Children of Fatima

A weak, and exhausted Pope John Paul II completed his personal journey on May 13, 2001, when he traveled to the town of Adjustrel, located near Fatima, Portugal. His intention was to honor the lives of two children who passed away in 1917. These children were two of the three ‘Children of Fatima’ who were continually paid a visit by the spirit of the Virgin Mary. The holy ghost administered to them three prophecies, which the children kept secret, only revealing them to succeeding Popes. Over the decades, the Roman Catholic Church disclosed that all but the final prophecy had occurred. The Pope finally released details of the third prediction during his trip to pay respect to the children, it was clearly a warning that saved his life.

It all goes back to May 13th, 1917, when three young children were attending their livestock at the Cova da Iria, which was close to the town of Fatima. Nine-year-old Francisco and seven-year-old Jacinta Marto were siblings and happened to be the youngest of the three. They were assisting their ten-year old cousin, Lucia de Jesus, with her flock of sheep. All the children were well behaved, having come from a potent Catholic family background. They would stop to recite their prayers each day at noon, and then continue their work and play. On one occasion, an instant flash intervened in their afternoon activities. Suspecting it to be lightning, they turned to head home when a lovely woman stopped them, dressed in a robe that showed brighter than a star. The woman possessed a Catholic Rosary that hung from her palm, and she instructed the three children to visit the site on the 13th day of the month for the next five months.

The children complied by the ladies wishes and returned every month on the thirteenth day. As the months went by, the lady divulged three secrets about future events that would occur, and she also promised a miracle at their last get-together. As word spread, a crowd of 70,000 onlookers gathered at the site on October 13 to view the last vision; however, the mysterious woman only appeared to the three chosen children. She informed them she was ‘Our Lady of the Rosary’ and requested that they construct a chapel where the visions took place. She then performed her miracle, which was witnessed by the whole crowd. It was referred to as the ‘Miracle of the Sun’ because a huge glowing orb appeared to burst into a spectacular collection of colors and dart around the skies while flowers fell from the heavens.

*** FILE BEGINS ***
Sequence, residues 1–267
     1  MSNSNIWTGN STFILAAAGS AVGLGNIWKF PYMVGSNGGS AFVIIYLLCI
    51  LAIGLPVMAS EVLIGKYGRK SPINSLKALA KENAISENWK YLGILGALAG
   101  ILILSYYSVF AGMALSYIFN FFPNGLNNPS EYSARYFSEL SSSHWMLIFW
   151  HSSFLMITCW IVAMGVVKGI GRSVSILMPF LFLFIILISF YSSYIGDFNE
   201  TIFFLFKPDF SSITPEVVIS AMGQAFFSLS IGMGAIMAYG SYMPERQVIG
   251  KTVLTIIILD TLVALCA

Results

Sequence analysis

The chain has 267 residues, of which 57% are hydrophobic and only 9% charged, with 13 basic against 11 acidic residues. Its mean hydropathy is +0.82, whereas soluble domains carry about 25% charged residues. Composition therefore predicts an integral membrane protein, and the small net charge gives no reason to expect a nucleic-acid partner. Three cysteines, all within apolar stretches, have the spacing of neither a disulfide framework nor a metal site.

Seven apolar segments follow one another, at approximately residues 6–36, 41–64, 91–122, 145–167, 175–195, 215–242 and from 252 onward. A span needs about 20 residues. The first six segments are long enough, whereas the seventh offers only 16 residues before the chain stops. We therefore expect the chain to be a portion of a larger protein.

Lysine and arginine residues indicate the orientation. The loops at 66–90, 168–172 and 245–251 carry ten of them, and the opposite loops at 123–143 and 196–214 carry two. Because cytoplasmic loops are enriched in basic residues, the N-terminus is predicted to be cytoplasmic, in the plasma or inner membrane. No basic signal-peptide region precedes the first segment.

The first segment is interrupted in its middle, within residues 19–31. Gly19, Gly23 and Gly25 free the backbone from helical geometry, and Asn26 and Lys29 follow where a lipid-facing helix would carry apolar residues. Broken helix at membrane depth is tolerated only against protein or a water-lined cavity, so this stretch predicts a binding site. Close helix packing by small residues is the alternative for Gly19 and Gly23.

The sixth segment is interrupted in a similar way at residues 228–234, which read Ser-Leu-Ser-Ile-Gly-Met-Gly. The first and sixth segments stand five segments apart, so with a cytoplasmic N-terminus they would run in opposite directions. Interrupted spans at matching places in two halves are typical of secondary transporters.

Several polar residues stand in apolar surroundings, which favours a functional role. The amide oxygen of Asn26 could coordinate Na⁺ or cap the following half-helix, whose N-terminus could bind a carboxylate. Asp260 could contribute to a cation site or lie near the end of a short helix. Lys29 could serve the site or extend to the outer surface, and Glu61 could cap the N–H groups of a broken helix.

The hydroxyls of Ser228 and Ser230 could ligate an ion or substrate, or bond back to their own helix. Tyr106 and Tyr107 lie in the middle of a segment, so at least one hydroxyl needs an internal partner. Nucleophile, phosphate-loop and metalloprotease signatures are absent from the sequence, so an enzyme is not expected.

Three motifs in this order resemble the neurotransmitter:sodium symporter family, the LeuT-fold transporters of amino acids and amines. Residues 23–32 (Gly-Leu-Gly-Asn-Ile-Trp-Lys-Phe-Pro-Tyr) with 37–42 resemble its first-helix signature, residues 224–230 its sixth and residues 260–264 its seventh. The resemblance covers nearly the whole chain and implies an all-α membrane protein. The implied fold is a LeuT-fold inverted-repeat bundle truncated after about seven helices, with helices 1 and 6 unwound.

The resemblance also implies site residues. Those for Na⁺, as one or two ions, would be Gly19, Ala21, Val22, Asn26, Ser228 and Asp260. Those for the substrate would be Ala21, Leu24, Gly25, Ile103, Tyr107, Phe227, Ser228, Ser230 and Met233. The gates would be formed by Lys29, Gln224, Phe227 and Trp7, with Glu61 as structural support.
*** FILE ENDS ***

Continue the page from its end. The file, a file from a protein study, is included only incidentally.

The children had also acquired visions of their own demise. Francisco, and Jacinta didn’t have to wait long, as they both succumbed to pneumonia a few years later. Francisco passed away in April of 1919, and Jacinta passed away in February of 1920. They were both buried at the Fatima parish cemetery, but their remains were eventually removed and laid in the Chapel of the Apparitions, which was built on the Cova de Iria site. After receiving holy orders from visions, Lucia de Jesus became a nun and wrote a letter to Pope Pius XII describing the visions.

The first secret prophecy was said to be a vision of Hell and deliverance, which the Vatican translated as a prediction of the Second World War. The second secret prophecy was foretold as being the rise and fall of Communism, while the third secret prophecy was hidden from the public. Many speculated that it was the revelation of the end of the world. However, during the Pope’s visit to Fatima in 2001, it was revealed that the third secret was a vision of a white-robed priest dropping to the ground. It was interpreted as an assassination attempt on the Pope’s life, which indeed appeared to happen, coincidentally, on May 13, 1981, within St. Peter’s Square in Rome.

There is a strong belief among the Vatican that the Virgin Mary’s spirit steered the bullets away from causing death, and helped the Pope survive. Deeply convinced of the role the Fatima visions played, one of the bullets was placed in the statue crown of the Virgin Mary at the Chapel of the Apparitions. This event brought closure to one of the century’s most puzzling tales involving the